What do you think are the benefits and drawbacks of CPL’s follow up program?

June 22nd, 2012

Journal: What do you think are the benefits and drawbacks of CPL’s follow up program?

Mark this date! I was on time for team training on Thursday, June 21! I hope this trend continues, too.

Following the journal readings this morning, all the teams needed to practice certain obedience skills. McLean super knows his obedience and even had to hold many different positions. While other service dogs chose to take a long time to obey their owners, McLean and I waited patiently with him doing a good job ignoring distractions. I say other service dogs “chose” to take a long time doing their obedience skills, because the recipients of these dogs always came out the winners!

Mclean accepted a treat from a trainer when he was instructed by me to follow and stay in a heel position. Eating this treat was unacceptable because not from me, and I reached my hand down his throat attempting to grab the treat. He already swallowed it, but I heard him make a number of gagging noises which made me remove my hand. My hand; however, was covered in doggy saliva. Yuck! He, hopefully, will not accept outside treats anymore. J

After lunch we discussed evaluation and follow-up in accordance with CPL regulations. Everything was very, very close to these same things as with Showbo for the last 9 years. They are still extremely extensive and mandatory! We then performed some service skills, such as tugging, go pays, carrying, and assistance off the floor. I still believe

Tugging was not the usual sock to open cabinet doors or refrigerator doors. The service dogs were requested to tug off a jacket sleeve. Unfortunately, the sleeve was not nicely modeled on a mannequin, but we had to be wearing a jacket sleeve. J No problem for McLean! For being such a large dude, though, he acts very dainty with his mouth. He needs a few tries to grab anything, and everything!

Go pays were not that of paying a cashier at a store register, like usual. We had to use the “go pay” command to have our dogs reach up to a table and grab a phone. The phone was definitely not a working phone! McLean goes up to the table easily, probably could do it without jumping, but he totally dropped the phone. Ugh! He was holding it by the antenna, but he still would have broken it if the it was a working phone.

Now, today was our first day trying to have our dogs carry something. This something was not in a nice, little store bag, but rather it was a random object. McLean had the pleasure of taking a large case for CD’s and carrying it a short distance. Is this dog a perfectionist, or what? He would grab the case, or anything thus far, but he liked to try only once or twice if he dropped it. It’s like his motto is: if he fails, then quit; quitting decreases room for failure. Eventually he succeeded at this task and got lots of treats. J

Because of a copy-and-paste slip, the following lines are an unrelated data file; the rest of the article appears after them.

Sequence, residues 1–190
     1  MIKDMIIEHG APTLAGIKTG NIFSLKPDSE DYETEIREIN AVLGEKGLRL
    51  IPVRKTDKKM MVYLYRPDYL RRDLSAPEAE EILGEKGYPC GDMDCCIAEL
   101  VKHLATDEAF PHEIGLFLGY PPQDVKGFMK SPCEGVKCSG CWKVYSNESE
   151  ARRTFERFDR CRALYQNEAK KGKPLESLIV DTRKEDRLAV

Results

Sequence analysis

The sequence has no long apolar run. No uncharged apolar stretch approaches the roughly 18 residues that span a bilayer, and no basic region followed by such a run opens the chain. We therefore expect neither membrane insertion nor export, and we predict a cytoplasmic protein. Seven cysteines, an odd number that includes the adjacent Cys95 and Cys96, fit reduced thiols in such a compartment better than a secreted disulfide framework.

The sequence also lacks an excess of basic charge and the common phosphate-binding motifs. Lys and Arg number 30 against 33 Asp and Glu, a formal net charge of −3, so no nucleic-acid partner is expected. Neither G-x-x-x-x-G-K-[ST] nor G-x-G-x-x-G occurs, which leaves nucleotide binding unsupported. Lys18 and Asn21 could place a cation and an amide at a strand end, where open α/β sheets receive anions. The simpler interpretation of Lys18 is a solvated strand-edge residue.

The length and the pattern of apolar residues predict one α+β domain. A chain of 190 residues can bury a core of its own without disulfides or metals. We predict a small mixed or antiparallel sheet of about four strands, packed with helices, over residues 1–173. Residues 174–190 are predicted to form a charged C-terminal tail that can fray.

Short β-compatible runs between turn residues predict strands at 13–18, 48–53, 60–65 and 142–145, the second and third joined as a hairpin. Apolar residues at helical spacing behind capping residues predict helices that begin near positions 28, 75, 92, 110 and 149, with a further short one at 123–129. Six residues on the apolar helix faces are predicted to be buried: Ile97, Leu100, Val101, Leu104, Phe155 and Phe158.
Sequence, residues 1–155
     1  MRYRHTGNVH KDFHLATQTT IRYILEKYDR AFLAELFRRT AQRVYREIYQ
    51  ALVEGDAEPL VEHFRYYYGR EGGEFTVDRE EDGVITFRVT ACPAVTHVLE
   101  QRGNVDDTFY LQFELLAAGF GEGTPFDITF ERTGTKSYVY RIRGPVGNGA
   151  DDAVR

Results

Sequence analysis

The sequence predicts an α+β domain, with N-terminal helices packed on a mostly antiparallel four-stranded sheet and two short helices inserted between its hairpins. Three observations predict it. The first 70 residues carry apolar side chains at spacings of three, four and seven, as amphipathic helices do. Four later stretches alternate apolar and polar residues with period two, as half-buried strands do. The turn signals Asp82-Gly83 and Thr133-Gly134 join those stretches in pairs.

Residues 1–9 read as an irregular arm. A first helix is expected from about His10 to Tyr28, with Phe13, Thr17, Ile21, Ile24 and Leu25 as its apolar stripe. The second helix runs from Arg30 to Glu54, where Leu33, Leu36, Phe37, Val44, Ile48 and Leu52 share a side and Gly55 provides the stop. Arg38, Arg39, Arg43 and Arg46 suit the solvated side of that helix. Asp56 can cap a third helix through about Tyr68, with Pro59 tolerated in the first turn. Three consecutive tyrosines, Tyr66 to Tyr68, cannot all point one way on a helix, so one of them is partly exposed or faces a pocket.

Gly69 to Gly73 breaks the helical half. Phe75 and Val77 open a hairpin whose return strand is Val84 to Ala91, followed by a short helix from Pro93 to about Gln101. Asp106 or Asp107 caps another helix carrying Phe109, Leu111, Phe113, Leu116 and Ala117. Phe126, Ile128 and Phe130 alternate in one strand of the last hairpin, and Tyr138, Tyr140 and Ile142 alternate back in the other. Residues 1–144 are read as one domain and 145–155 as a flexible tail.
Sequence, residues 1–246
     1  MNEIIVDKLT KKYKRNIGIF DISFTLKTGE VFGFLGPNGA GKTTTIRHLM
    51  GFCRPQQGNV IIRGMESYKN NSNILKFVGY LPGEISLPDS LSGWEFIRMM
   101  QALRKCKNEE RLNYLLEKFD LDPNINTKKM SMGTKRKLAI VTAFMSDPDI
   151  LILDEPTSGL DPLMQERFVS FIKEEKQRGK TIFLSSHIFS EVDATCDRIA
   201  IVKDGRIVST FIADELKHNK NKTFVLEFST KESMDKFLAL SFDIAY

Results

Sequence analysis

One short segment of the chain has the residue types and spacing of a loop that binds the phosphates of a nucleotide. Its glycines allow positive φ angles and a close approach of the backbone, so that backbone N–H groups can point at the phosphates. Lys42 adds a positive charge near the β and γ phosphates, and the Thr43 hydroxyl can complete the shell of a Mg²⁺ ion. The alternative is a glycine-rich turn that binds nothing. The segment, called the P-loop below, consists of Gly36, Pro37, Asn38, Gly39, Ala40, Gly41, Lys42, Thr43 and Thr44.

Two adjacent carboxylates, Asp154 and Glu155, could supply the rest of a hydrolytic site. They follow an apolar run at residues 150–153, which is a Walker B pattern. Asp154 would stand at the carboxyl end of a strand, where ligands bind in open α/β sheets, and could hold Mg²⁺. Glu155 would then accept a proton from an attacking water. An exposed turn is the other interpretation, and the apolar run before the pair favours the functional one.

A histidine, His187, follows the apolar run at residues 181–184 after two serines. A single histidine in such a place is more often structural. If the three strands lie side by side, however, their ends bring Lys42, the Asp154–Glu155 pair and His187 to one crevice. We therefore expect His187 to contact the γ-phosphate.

McLean is my own personal table, but on moving legs, and does great assisting me off the floor. J we once again laid on the floor and used the service dog to help us stand again. McLean and I now have clearance to assist me standing when I am on the floor, which means we can use this service skill at home or whenever we are not with a trainer.

Everyone completed all four of these skills, and we followed with a discussion of problem cards. We each had a different problem with a dog, but they are too numerous to mention. We all stated our problem, created our own solutions and then the trainers and rest of the class added their own input.

So, CPL has an extremely extensive and mandatory follow-up program. Did I already say that? Well, it’s true! Phone check-ins must be done daily for the first week, once a week for the first month, and once a month for the first year. We also must either attend 6 graduate support classes during the first year or do 12 hours of a local obedience class. There is a 6-month report to complete by a certain deadline, and finally we need retested 1 year after we graduate and then every other year beyond that. Ugh! I am tired after just writing all those requirements. J

But, these requirements do have some benefits, along with a couple drawbacks. We do have many opportunities to express, and/or practice, problem areas with our dogs, and we keep our dogs “on their toes”. CPL then knows the service dogs are being used properly and treated correctly. Drawbacks may be that each req. is time consuming and tedious. However, the benefits outweigh the drawbacks!!!

Ok, this entry is too long, and I feel sorry for the person reading this. J

Comparisons to CPL, questions about CPL, and positive and challenging experience this week.

June 20th, 2012

Journal Compare the programs reviewed in Chapter Three to Canine Partners for Life. After reading this chapter, what questions do you have regarding the CPL program and how it operates? What challenges and positive experiences have you had this week with your dog?

Oh, boy! I forgot to answer the question yesterday about using a service to overcome a challenge caused by my disability. My biggest obstacle caused by my disability is actually a combination of my blindness and bladder issues, both caused by my MS. Needing to use the bathroom A LOT, I cannot see to find it. Showbo excelled at the task of taking me to a bathroom, and I will continue to teach McLean to do the same until he has mastered the concept!

Now to today’s journal writing! I enjoyed todays obedience, service skills and even lecture. McLean continues to do a great job with the obedience skills, but he is continuing to struggle with just 1 service skill.. Taking metal! I, again I say, would never want to have anything metal in my mouth, but it is a necessity for our dogs to take metal, hold it, and give it to us. Sorry, McLean, and all the other service dogs! Metal will be our challenge and will probably continue after team training!

I so need to work on my tardiness to training!!! I needed to pass a denial test again this morning, but I really am working to be on time. Did I mention I am not a morning person? And, being on time is not a phrase in my vocabulary! At least not yet.